Compare any two graphics cards:
GeForce GTS 450 1GB vs Radeon HD 5870
IntroThe GeForce GTS 450 1GB comes with a clock speed of 783 MHz and a GDDR5 memory frequency of 902 MHz. It also makes use of a 128-bit bus, and makes use of a 40 nm design. It is made up of 192 SPUs, 32 Texture Address Units, and 16 Raster Operation Units.
Compare that to the Radeon HD 5870, which features GPU core speed of 850 MHz, and 1024 MB of GDDR5 RAM set to run at 1200 MHz through a 256-bit bus. It also is made up of 1600(320x5) SPUs, 80 TAUs, and 32 Raster Operation Units.
Power Usage and Theoretical Benchmarks
Power Consumption (Max TDP)
In theory, the Radeon HD 5870 should be 166% quicker than the GeForce GTS 450 1GB in general, due to its greater bandwidth. (explain)
Texel RateThe Radeon HD 5870 will be a lot (more or less 171%) more effective at anisotropic filtering than the GeForce GTS 450 1GB. (explain)
Pixel RateThe Radeon HD 5870 is much (approximately 117%) more effective at anti-aliasing than the GeForce GTS 450 1GB, and should be able to handle higher screen resolutions better. (explain)
Please note that the above 'benchmarks' are all just theoretical - the results were calculated based on the card's specifications, and real-world performance may (and probably will) vary at least a bit.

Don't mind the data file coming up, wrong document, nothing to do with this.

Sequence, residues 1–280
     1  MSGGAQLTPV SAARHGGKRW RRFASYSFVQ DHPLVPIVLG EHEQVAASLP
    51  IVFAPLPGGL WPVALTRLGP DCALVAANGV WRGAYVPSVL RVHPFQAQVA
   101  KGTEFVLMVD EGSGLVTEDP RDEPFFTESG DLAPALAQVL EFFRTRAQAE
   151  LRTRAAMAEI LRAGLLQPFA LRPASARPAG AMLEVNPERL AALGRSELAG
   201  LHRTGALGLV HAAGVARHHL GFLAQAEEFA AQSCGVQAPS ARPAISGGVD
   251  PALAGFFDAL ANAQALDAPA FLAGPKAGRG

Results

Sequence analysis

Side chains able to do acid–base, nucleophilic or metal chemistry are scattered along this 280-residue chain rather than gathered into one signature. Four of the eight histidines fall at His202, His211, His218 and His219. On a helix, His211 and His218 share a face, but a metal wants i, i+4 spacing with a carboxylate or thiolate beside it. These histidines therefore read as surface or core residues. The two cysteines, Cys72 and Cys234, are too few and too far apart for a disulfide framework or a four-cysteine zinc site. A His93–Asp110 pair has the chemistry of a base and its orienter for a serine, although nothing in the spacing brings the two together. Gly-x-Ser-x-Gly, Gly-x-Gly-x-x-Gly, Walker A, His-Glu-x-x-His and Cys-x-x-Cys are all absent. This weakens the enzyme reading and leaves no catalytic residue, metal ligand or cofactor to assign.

Please note that the price comparisons are based on search keywords - sometimes it might show cards with very similar names that are not exactly the same as the one chosen in the comparison. We do try to filter out the wrong results as best we can, though.
Memory Bandwidth: Bandwidth is the largest amount of information (measured in megabytes per second) that can be transported across the external memory interface in a second. It's worked out by multiplying the interface width by its memory speed. If the card has DDR type RAM, it must be multiplied by 2 once again. If it uses DDR5, multiply by 4 instead. The better the memory bandwidth, the better the card will be in general. It especially helps with anti-aliasing, HDR and higher screen resolutions.
Texel Rate: Texel rate is the maximum number of texture map elements (texels) that are processed in one second. This number is worked out by multiplying the total texture units by the core clock speed of the chip. The higher the texel rate, the better the video card will be at texture filtering (anisotropic filtering - AF). It is measured in millions of texels in a second.
Pixel Rate: Pixel rate is the maximum amount of pixels the video card can possibly write to the local memory per second - measured in millions of pixels per second. The number is worked out by multiplying the amount of Render Output Units by the the core speed of the card. ROPs (Raster Operations Pipelines - also sometimes called Render Output Units) are responsible for filling the screen with pixels (the image). The actual pixel output rate is also dependant on quite a few other factors, especially the memory bandwidth - the lower the memory bandwidth is, the lower the ability to get to the max fill rate.